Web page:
Then you add to that the idea of salvors: trainspeople who hunt salvage instead of animals. They may be looking for ancient salvage buried for hundreds of years, or “nu-salvage” from trains that were trainwrecked by weather or pirates fairly recently, or (my favorite) alt-salvage. Because here’s the other weird premise you have to accept: generations ago creatures from other planets stopped by for a visit. Nobody in present day knows much about them, except to call them “tourists.” It’s just one of those everyday things that people accept: aliens exist, they don’t come around anymore (though there’s lots of strange lights and sounds in the “upsky” that’s bad luck to pay attention to) and they left behind a lot of weird junk that pops up every once in a while. Some of it’s fairly useful, like communicators or tracking devices. Some of it just bends reality unnervingly. Some of it’s pretty amazingly dangerous, but that’s the risk you take hunting salvage; you could end up fantastically rich, or blown to bits by hitting the wrong button.
And all that is why it’s taken me so long to write this review; all these fantastic, warped images and concepts and I’m thinking a lot of people will go “Nope, too much, that’s too much weird for one book.” But it all works so well, I can’t do it justice with a review, because Miéville’s writing is just delicious and easy on the eyes. It’s such a satisfying read. All the amazing descriptions, the terrifying battles, and the beautiful vocabulary he’s so good at creating; Miéville loves to throw words or names at you without much explanation, which keeps everything nicely mysterious. I particularly liked the offhand comment about the local gods the trainsfolk would pray to: Stonefaces, Mary Ann, the Squabbling Gods, Lizard, or That Apt Ohm. He never describes them in detail, so you get to just wonder about it.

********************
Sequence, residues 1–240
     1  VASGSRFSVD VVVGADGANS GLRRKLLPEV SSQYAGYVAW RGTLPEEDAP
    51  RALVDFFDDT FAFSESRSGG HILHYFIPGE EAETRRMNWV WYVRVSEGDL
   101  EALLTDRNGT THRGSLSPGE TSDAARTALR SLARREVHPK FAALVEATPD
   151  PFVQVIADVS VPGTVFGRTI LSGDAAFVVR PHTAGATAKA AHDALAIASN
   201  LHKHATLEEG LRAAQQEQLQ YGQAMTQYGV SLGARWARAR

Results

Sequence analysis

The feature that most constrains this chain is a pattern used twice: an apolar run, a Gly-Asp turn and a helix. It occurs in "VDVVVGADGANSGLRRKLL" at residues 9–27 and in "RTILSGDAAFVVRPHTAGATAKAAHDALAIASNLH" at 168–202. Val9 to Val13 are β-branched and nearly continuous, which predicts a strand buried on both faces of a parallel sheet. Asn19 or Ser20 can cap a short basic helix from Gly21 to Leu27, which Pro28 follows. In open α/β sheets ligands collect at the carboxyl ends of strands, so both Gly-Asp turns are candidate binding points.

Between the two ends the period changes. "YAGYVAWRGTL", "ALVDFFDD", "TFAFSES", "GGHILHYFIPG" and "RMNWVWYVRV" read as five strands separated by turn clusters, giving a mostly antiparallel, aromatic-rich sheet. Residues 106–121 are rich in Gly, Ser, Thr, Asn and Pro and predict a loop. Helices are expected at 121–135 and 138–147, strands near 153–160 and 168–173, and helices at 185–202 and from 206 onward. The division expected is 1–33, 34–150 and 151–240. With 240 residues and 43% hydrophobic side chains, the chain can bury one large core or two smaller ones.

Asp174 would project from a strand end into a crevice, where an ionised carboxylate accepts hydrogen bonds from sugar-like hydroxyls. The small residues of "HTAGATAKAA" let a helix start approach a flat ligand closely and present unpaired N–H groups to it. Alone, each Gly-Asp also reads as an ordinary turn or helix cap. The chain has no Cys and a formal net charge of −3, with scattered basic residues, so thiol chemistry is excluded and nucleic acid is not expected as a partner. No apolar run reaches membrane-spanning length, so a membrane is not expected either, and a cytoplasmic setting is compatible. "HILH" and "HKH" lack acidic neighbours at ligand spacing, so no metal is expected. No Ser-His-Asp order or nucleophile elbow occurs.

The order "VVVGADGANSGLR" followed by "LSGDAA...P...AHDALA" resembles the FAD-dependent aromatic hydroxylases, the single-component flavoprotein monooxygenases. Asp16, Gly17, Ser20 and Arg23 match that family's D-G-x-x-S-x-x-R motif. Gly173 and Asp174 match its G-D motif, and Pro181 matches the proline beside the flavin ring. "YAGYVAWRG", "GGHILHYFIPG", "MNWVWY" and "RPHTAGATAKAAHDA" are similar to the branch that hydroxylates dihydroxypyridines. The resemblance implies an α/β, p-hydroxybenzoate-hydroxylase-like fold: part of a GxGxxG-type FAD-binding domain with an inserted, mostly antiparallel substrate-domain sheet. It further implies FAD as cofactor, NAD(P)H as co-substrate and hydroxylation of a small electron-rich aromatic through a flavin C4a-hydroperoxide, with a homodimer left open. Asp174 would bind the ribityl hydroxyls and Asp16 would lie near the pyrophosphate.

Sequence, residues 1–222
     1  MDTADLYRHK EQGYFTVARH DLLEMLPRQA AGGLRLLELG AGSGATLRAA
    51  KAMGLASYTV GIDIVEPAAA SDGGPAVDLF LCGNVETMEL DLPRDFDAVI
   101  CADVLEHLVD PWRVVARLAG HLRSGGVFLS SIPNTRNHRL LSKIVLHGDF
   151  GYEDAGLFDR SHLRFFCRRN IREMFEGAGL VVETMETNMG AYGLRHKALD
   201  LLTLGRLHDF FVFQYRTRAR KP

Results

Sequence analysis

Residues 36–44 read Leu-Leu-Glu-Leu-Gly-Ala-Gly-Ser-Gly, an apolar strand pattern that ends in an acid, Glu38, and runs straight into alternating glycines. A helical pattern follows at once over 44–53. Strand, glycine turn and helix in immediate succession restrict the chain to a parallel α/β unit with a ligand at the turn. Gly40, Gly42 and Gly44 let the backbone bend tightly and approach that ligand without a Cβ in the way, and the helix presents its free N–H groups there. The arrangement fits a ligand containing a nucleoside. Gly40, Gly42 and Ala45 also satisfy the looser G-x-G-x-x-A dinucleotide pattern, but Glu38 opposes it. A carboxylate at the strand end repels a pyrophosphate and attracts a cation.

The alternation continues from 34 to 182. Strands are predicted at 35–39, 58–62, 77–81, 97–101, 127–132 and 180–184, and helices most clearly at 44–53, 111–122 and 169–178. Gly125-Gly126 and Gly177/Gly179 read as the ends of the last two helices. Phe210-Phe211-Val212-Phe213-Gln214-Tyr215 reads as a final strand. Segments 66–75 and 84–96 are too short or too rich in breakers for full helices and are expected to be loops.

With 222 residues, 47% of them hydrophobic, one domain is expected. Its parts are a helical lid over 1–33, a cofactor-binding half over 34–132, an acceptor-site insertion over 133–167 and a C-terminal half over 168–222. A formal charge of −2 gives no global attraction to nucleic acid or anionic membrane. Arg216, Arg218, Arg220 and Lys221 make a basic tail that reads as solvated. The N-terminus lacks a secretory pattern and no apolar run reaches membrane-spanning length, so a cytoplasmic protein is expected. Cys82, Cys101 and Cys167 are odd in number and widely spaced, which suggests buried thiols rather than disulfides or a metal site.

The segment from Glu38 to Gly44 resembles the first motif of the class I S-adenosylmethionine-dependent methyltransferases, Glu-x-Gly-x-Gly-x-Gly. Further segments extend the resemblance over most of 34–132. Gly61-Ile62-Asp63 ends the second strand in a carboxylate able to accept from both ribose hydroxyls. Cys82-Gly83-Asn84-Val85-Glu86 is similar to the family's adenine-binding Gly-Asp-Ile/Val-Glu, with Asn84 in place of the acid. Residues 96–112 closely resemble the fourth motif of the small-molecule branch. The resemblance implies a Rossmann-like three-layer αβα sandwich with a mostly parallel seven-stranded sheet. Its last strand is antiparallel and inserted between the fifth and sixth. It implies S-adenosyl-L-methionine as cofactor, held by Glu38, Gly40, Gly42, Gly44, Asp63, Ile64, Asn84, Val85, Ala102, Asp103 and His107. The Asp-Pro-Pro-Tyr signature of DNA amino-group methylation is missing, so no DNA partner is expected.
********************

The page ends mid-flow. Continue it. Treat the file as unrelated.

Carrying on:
And the dialogue; I love his conversations, there’s always a lot of clever remarks. At one point Dero and Caldera are trying to hide, frantically covering their train with weeds and vines.
“This is a rubbish plan,” Dero said, as they crawled back inside.
“I await your improvements eagerly. & complaining is awesomely helpful.”
And, as you can see in that quote, you’ll find the one thing I didn’t like, and that’s Miéville’s thing with the “&” sign. Throughout the entire book he never uses the word “and,” he always uses “&.” He mentions it a couple times in passing, & talks about language changing & words disappearing, & how the “&” is very much like a twisted set of train tracks that ends where it begins. It seems like it was an important concept he wanted to get across, but I just don’t think it was necessary. It feels gimmicky, & distracting as all get out, especially when it appears right at the beginning of the sentence. It bugged me. & I never got used to it. (Okay, I admit it, that was way more fun to write than to read, but I’ll stop now.)
The ending leaves you with a lot of questions, but I’m fairly sure that’s intentional; there are so many ideas he barely touched on that could each become a whole book by themselves, so he’s left it wide open for a sequel. I really hope he writes it; Perdido Street Station and Kraken have always been my favorite Miéville books, but Railsea is seriously giving them a run for their money.